Over the years, it has been seen that the party in power – whether at the Centre or in state – receives most of the funding. This means the uneven nature of funding has not been rectified even with the introduction of electoral bonds. Critics of EBS argue that this undermines the principle of level playing field in democratic elections. According to Association of Democratic Reforms, political donations worth ₹16,437 crore were received by seven national parties and 24 state parties between 2016-17 and 2021-22. Of this amount, ₹9,188 crore, well over half, came from electoral bonds. Significantly, the BJP has benefitted the most from electoral bonds donations since they were launched in 2018 — of the Rs 9,188 crore donated until 2022, the BJP got ₹5,272 crore. That is more than all the other 30 political parties put together who have received donations via electoral bonds.

Electoral bonds currently have a legitimate framework, but they are premised on questionable grounds regarding democratic principles. After all, the voters and citizens need to know who is giving so much money to our political representatives (read political parties), given that hundreds of crores are donated but the identities of donors remain hidden from citizens. This raises an important question: what is it about the nature of EBS that the ruling party walks away with lion’s share of the money donated? Is it the fear of intimidation or retaliation from the government that compels corporate donors to donate the bulk of bonds to the party in power? After all, the design of the electoral bonds scheme is such that only the government (read the ruling party), besides law enforcement bodies which are central government functionaries, can access information about the identity of donors. So, the transparency of the EBS is only for one stakeholder, which is the government, while bulwarking any access to information for all others, including the Opposition parties.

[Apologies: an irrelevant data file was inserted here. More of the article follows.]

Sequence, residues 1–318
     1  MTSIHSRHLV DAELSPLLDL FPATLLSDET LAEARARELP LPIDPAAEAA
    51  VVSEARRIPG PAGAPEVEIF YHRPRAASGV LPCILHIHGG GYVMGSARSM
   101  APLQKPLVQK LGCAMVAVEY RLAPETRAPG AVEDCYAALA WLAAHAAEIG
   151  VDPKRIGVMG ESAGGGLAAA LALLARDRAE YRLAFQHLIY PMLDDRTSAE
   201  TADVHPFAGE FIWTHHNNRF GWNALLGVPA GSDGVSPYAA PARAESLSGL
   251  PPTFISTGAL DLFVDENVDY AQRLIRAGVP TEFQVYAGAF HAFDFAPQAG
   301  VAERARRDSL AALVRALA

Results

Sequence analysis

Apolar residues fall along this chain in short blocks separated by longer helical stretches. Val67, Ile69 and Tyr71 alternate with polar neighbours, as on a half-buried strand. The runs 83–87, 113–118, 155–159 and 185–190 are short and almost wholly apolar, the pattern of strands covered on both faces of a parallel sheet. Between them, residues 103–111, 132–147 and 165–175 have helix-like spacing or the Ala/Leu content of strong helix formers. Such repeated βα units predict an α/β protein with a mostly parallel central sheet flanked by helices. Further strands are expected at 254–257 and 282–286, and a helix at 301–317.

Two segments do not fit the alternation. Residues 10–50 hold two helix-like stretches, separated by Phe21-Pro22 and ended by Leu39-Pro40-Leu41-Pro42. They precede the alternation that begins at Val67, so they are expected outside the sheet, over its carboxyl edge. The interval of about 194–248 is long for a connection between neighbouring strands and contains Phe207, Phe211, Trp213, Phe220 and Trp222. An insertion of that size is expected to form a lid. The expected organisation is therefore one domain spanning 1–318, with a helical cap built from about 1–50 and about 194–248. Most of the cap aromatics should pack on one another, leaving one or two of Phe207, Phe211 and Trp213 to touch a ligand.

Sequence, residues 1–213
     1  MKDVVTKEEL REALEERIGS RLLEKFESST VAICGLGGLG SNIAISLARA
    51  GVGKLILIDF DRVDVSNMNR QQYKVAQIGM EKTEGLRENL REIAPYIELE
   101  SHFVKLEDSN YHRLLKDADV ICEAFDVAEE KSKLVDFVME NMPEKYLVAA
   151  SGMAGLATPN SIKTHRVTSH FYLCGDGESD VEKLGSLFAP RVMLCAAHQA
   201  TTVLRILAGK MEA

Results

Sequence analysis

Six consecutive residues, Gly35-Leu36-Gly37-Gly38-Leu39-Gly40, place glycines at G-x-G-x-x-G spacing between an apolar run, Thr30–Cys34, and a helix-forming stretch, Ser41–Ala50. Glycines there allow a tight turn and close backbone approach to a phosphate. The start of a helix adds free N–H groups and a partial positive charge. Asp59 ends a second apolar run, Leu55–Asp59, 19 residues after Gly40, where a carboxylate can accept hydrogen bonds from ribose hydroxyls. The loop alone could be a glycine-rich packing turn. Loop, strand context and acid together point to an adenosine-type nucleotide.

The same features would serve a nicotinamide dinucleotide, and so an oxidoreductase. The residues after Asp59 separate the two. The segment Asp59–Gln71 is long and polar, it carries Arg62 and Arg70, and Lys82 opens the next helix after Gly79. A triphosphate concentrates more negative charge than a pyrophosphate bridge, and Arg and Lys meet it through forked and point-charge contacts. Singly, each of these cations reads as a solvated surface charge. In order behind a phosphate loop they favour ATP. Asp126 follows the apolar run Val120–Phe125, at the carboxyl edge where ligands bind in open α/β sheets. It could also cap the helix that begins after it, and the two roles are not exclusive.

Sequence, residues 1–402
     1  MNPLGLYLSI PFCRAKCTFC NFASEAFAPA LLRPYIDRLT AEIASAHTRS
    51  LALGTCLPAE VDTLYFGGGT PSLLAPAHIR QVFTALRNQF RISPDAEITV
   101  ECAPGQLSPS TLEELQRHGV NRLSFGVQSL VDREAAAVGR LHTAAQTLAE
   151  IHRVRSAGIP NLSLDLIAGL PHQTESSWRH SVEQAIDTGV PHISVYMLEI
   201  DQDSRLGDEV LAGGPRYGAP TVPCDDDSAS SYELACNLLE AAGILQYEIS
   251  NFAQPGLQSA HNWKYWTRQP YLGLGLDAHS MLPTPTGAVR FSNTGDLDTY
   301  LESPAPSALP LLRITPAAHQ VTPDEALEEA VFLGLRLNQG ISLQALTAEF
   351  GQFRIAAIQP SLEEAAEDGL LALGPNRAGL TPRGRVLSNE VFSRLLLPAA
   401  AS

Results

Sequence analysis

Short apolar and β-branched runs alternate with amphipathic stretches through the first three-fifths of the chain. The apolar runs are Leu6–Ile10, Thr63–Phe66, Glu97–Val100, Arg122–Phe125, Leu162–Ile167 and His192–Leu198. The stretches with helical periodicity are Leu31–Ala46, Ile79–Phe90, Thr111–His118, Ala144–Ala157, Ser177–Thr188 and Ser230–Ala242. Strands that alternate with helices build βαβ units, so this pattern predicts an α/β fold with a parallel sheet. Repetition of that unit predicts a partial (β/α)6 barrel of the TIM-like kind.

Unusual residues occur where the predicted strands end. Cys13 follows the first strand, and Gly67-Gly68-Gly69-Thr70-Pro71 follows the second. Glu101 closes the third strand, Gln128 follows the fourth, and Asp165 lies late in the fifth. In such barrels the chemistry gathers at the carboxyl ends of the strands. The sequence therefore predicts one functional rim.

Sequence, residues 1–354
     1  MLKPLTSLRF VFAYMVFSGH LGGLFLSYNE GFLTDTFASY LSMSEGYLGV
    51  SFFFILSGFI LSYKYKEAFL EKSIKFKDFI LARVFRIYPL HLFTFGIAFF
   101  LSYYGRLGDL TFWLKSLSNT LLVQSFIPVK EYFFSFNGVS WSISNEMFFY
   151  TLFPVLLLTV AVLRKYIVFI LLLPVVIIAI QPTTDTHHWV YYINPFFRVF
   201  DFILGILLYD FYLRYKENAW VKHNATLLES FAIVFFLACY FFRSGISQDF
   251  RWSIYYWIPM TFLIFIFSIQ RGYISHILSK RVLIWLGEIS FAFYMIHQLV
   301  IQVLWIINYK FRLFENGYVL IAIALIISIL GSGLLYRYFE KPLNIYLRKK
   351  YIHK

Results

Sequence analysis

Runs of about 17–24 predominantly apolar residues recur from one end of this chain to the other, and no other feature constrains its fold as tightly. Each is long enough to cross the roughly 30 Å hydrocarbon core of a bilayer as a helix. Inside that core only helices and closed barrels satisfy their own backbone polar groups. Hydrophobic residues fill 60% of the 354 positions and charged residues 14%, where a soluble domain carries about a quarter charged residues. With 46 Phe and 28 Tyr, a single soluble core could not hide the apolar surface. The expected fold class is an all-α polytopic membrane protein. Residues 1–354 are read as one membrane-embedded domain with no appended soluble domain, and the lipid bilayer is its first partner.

Surprisingly, the government is also of the view that the citizens do not have the right to know the identity of donors of electoral bonds. Responding to the petitions in the SC, the government argued that citizens do not have the “right to know” the identity of political donors under EBS. This was countered by Justice Khanna, who is part of the SC’s five-judge bench on the matter, by observing that “your contention that voters do not have the right to know… is slightly difficult to accept”. During the hearings, Chief Justice Chandrachud has already aired his reservations. He has indicated that the “need for transparency” is not being addressed. He also said that electoral bonds should not “become a legitimisation of quid pro quo between power centres, and people (the “unknown” donors) who are benefactors of that power”. The chief justice also said there may be a need to “design” another system which does not have the flaws of this system”.

Among the series of amendments introduced to curb black money in funding political parties, the government granted three privileges to parties. One, they were no longer obligated to reveal contributions received through electoral bonds under the Income Tax Act. Two, doors to foreign funding through electoral bonds were opened for political parties and three, the upper limit of corporate donations was also removed. Earlier, only profit-making corporates could donate funds to political parties up to 7.5% of their average three-year profit. Now even loss-making companies can donate through electoral bonds. This raises an important question: what purpose do the electoral bonds really serve? It is important to emphasise here that 92.6% electoral bonds sold are of the highest 1 crore denomination, while only 7.1% are of 10 lakh denomination. This suggests that there are entities with deep pockets that buy these bonds to donate to political parties. So, can the possibility of a quid pro quo be ruled out?